Heart rate and blood pressure regulation

Digestion and Bladder control.
Other symptoms include;


and double vision •chest pain 

and palpations •tinnitus •head pressure pains •blood pooling •poor circulation –What should happen to my blood when I stand up?–

When a healthy person stands up, blood vessels contract and heart rate increases slightly to maintain blood supply to heart and brain. –What happens when I have PoTS and stand up?– In POTS, this automatic adjustment to upright posture is not working correctly, resulting in an excessive rise in heart rate, increased norepinephrine in the blood and altered blood flow to the brain causing a cocktail of symptoms. 

#posturalorthostatictachycardiasyndrome can be dangerous if left severe due to drastic changes in heart rate. When the heart is beating at constant 130 Bpm instead of 60-80 it can cause damage to the heart. Causing it to shrink and the muscles to weaken. 
“POTS patients have reported to suffer from a degree of functional impairment similar to that seen in conditions such as COPD and congestive heart failure” yet patients are told that they are faking or exaggerating their symptoms and are not taken seriously. 

Invisible Illness Awareness Week.

This week is #invisibleillnessawarenessweek. Sometimes on the outside someone who suffers from a debilitating chronic illness may look ‘normal’ or ‘healthy’, especially when wearing make up, masking the dull and pale complexion from many daily struggles and long painsomnia nights. On the inside of a chronic illness fighter their body is broken. Their body is failing them no matter how hard they try, no matter what mindset they have.There are different levels of severities, but every chronic illness fighter experiences some level of chronic pain. (Chronic meaning persistent and long lasting.) none of which is easy to handle. Each and every chronic illness fighter battles and takes on each and every day with a smile on there face; trying to live a normal life, trying to not become a burden on their family and friends.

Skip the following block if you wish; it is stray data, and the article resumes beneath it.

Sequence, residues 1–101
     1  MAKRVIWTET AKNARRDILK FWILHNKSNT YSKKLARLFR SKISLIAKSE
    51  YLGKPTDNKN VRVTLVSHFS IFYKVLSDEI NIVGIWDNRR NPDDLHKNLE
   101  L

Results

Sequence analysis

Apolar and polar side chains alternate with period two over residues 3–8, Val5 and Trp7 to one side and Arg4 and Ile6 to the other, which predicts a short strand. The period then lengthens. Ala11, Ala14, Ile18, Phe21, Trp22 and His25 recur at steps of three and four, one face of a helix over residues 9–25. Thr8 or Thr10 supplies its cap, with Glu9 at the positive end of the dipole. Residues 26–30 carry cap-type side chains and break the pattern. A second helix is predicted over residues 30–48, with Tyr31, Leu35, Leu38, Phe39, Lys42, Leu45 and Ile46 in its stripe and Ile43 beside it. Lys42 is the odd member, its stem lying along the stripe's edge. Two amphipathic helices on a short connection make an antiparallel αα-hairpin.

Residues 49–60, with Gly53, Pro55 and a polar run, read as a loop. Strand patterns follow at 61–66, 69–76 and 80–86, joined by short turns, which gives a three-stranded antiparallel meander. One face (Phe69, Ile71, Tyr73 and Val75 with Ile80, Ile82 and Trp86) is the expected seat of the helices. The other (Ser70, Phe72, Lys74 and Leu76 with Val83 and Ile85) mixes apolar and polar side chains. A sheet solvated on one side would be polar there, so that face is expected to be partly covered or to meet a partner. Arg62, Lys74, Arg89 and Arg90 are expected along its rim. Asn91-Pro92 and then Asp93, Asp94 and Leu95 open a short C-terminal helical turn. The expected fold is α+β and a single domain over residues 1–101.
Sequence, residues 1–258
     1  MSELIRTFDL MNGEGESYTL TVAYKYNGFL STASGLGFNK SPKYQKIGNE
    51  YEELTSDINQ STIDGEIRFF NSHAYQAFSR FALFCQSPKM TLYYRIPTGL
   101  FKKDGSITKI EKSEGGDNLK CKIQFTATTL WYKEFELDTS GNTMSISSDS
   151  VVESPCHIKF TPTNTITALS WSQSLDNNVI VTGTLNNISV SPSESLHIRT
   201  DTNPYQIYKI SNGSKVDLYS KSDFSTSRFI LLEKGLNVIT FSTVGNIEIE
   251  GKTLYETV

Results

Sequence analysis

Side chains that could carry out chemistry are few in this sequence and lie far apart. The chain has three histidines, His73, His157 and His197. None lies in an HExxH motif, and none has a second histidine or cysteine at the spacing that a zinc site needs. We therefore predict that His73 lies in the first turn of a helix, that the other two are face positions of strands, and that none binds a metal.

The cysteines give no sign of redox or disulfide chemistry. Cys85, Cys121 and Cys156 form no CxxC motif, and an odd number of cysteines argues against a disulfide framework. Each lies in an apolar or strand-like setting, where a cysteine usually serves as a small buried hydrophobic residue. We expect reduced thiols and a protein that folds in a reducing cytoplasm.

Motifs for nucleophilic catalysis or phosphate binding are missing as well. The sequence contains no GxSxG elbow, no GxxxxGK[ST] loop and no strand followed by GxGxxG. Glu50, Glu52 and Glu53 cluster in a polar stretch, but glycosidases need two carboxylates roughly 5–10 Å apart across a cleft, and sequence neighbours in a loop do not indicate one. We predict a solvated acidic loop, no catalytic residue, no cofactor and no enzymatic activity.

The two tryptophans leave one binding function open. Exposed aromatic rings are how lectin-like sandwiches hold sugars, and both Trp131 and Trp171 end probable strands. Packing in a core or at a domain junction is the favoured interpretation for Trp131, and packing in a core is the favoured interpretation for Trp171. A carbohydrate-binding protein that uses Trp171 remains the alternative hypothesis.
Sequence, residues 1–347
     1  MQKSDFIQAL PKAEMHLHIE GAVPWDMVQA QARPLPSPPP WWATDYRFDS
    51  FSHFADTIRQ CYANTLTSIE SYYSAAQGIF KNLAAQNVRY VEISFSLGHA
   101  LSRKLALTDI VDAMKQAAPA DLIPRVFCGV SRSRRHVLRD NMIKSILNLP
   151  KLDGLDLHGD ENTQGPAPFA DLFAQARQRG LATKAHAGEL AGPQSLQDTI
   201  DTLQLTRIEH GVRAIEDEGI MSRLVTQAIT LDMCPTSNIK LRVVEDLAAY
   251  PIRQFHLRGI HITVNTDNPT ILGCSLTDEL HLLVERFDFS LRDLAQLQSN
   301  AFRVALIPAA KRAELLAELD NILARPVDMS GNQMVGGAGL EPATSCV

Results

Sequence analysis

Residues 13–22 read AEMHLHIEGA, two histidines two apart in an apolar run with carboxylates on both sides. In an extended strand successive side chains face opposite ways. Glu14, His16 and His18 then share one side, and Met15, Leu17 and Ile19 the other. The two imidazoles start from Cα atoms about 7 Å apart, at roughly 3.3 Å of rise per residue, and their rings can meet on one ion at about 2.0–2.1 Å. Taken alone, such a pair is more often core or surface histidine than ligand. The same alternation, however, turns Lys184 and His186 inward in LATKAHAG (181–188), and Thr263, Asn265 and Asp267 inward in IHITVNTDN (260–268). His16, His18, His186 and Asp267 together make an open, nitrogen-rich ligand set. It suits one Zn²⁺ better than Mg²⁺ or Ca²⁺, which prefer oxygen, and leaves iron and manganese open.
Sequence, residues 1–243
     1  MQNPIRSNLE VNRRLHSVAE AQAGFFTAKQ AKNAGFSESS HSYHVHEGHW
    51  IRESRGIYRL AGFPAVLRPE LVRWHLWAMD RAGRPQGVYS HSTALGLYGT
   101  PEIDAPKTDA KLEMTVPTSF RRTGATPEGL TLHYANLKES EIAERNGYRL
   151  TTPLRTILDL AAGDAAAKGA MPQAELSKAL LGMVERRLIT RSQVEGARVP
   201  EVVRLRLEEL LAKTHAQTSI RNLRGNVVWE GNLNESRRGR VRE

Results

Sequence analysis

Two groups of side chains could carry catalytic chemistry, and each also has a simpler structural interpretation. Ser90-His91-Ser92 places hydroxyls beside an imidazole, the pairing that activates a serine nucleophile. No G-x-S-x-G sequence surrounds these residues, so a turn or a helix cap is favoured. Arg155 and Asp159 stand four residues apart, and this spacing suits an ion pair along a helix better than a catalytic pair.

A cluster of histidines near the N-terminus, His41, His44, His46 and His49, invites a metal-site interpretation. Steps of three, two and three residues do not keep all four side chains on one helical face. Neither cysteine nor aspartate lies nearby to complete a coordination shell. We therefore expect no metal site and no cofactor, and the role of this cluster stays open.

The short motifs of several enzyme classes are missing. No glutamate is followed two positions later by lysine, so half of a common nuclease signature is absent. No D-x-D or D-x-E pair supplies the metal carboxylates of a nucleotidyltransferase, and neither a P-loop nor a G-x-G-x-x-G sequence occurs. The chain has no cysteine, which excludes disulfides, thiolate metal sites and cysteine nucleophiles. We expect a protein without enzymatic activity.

Some people question if the chronic illness fighter is ill at all and are rude and hurtful all because of lack of understanding and just because the fighter is always putting on a brave face. They don’t want sympathy they just want people to listen and understand. Understand that even under that smile they are hurting. They are scared. Understand they have limits. To understand that their health is unpredictable not the fighter themselves! And to understand their life’s have been turned upside down, shattering dreams, loosing there jobs, loosing friends, and loosing there old healthy life which every healthy person takes for granted. 

My illnesses are not exactly invisible because I use a wheelchair. But there are some people who don’t need to use any medical equipment/ support and are still unwell and fighting hard. 

Take time to listen, and don’t judge on what you don’t know or on appearance. Take time to ask people about their condition. It will open your eyes to see how visible and how challenging their journey really is. #awarenessmatters #chronicillness